6.2 Types of misconduct in research

Examples which would be considered as research misconduct
  1. The definitions used here are adapted from Research Councils UK’s Policy and Guidelines on Governance of Good Research Conduct. Researchers must ensure that they do not commit any of the following acts:
  2. Fabrication comprises the creation of false data or other aspects of research, including documentation and participant consent.
  3. Falsification comprises inappropriate manipulation and/or selection of data, images and/or other contents.
  4. Plagiarism comprises the misappropriation or use of others’ ideas, intellectual property or work (written or otherwise), without acknowledgement or permission. It includes self-plagiarism: reuse of one’s own work without suitable acknowledgement or permission.
  5. Misrepresentation includes:
    1. Misrepresentation of data, such as by suppression of relevant findings, or knowingly, recklessly or by gross negligence presenting a flawed data interpretation;
    2. Undisclosed duplication of publication, including duplicate submission of manuscripts for publication;
    3. Misrepresentation of interests, including failure to declare material interests either of the researcher or of the research funders;
    4. Misrepresentation of qualifications and/or experience, including claiming or implying qualifications or experience not held; and/or
    5. Misrepresentation of involvement, such as inappropriate claims to authorship and/or attribution of work where there has been no significant contribution, or the denial of authorship where an author has made a significant contribution.
  6. Breach of duty of care includes, whether deliberately, recklessly or by gross negligence:
    1. Disclosing improperly the identity of individuals or groups involved in research without their consent, or any other breach of confidentiality;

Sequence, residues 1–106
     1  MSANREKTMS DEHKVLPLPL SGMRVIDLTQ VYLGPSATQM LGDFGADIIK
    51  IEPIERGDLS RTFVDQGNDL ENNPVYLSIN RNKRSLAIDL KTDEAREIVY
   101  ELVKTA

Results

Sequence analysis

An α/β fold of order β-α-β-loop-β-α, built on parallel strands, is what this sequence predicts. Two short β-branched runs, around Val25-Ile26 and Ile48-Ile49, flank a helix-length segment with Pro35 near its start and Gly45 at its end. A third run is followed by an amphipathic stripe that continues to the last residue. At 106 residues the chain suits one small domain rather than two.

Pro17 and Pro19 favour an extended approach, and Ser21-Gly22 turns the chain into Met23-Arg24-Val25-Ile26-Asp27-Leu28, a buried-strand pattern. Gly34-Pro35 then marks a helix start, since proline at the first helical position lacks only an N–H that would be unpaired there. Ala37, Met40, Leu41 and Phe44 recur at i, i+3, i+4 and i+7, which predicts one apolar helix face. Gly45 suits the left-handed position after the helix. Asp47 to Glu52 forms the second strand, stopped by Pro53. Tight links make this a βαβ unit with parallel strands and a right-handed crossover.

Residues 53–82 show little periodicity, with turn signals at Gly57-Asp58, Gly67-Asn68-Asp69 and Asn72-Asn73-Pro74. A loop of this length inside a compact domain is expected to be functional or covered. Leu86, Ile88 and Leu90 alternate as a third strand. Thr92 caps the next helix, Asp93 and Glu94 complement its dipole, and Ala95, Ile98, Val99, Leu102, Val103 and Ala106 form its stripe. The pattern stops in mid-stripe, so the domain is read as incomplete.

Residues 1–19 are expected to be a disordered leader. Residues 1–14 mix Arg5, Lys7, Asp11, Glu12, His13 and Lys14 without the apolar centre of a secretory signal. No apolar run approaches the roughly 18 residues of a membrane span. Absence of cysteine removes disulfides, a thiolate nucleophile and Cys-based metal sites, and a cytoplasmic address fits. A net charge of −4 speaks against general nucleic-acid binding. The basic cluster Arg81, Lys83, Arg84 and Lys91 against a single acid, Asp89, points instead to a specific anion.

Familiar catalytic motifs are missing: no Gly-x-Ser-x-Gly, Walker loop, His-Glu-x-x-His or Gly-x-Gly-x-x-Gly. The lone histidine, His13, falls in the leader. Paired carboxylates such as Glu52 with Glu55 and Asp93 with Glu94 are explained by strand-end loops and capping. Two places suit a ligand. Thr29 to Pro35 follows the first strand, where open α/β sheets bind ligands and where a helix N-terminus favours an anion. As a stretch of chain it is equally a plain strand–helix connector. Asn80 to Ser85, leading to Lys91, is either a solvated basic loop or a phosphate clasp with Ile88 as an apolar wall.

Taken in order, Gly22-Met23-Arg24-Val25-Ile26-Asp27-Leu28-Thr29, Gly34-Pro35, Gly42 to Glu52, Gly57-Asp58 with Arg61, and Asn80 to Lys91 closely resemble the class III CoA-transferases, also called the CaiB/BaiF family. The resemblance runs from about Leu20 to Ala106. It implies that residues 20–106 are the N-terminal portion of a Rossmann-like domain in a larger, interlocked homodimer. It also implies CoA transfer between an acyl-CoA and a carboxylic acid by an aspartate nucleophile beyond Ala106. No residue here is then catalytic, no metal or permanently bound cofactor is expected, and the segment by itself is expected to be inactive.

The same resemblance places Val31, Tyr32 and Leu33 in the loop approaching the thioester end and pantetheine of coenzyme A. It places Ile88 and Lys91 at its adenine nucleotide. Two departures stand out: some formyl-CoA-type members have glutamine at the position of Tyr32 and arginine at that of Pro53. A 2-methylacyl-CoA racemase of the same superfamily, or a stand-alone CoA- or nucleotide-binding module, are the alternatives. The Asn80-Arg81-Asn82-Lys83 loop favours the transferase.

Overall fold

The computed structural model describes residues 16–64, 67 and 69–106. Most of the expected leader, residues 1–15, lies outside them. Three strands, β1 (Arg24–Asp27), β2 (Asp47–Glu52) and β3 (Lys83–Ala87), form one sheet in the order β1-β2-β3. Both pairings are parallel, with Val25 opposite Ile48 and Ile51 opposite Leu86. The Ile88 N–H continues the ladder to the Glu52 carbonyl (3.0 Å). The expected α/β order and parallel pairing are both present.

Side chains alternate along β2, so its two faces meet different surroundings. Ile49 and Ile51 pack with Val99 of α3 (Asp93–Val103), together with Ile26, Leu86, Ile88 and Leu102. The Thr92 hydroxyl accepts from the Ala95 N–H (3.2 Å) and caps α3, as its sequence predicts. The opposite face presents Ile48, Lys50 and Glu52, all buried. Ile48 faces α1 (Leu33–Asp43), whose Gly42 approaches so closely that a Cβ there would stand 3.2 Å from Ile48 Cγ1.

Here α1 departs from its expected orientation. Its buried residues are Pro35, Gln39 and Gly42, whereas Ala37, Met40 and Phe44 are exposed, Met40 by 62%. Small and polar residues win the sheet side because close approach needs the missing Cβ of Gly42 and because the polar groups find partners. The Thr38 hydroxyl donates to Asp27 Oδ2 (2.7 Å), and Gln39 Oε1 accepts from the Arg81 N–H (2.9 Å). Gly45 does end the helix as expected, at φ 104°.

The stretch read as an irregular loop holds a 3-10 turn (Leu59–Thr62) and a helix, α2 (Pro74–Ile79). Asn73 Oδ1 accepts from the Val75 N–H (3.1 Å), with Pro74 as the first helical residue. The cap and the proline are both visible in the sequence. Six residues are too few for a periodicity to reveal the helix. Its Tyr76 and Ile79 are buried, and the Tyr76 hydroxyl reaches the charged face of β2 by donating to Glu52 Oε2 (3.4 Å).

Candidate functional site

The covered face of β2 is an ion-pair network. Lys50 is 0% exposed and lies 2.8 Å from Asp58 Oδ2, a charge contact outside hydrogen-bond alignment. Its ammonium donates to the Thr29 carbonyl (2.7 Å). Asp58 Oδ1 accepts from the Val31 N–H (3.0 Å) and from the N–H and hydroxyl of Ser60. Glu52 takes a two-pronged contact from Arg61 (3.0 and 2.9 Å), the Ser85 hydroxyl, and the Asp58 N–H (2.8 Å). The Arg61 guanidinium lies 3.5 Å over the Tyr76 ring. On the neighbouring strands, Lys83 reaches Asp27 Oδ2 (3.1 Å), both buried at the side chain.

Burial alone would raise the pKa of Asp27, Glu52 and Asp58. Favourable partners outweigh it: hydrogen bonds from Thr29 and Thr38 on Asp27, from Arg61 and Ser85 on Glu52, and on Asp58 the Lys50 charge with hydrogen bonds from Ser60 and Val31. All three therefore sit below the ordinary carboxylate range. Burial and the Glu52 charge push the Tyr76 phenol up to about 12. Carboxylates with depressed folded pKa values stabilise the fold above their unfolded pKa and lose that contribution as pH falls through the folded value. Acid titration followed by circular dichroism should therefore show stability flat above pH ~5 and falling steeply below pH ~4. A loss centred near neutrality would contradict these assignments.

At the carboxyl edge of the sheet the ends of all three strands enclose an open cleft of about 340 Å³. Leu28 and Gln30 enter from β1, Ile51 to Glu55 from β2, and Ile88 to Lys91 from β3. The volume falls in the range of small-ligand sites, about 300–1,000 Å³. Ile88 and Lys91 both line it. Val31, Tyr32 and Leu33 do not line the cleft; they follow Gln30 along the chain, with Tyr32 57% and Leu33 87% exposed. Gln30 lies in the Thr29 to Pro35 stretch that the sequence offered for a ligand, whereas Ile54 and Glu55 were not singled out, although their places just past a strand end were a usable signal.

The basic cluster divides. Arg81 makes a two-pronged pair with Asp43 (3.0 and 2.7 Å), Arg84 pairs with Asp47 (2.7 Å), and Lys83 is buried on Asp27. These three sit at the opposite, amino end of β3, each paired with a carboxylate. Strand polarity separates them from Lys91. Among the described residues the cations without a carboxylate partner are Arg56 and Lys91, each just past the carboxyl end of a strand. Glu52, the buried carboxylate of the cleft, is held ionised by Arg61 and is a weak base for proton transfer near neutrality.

2. Placing any of those involved in research in danger, whether as subjects, participants or associated individuals, without their prior consent, and without appropriate safeguards even with consent (this includes reputational danger where that can be predicted);
    3. Not taking all reasonable care to ensure that the risks and dangers, the broad objectives and the sponsors of the research are known to participants or their legal representatives, and/or to ensure appropriate informed consent is obtained properly, explicitly and transparently;
    4. Not observing legal and reasonable ethical requirements or obligations of care for human or animal subjects, human organs or tissue used in research, or for the protection of the environment; and/or
    5. Improper conduct in peer review of research proposals or results (including manuscripts submitted for publication); this includes failure to disclose conflicts of interest; inadequate disclosure of clearly limited competence; misappropriation of the content; and breach of confidentiality or abuse of material provided in confidence for peer review purposes.
    6. Breach of any express or implied confidentiality provision including provisions relating to externally awarded funding or research involving external organisations.
  7. Failure to meet ethical, legal and professional obligations includes failure to meet the standards of relevant professional bodies (e.g. the General Medical Council) and standards and limitations applied to research by research funders or Research Ethics Committees. Failure to meet ethical, legal and professional standards may also comprise failure to declare competing interests; misrepresentation of involvement or authorship; misrepresentation of interests; breach of confidentiality; lack of informed consent; misuse of personal data; and abuse of research subjects or materials.
  8. Improper dealing with allegations of misconduct includes:
    1. Failure to address possible infringements, including attempts to cover up misconduct or reprisals against whistle-blowers; and/or
    2. Failure to deal appropriately with malicious allegations, which should be handled formally as breaches of good conduct.
  9. The list of types of research misconduct above is not meant to be exhaustive. Honest errors and differences in, for example, research methodology and interpretations are not examples of research misconduct.

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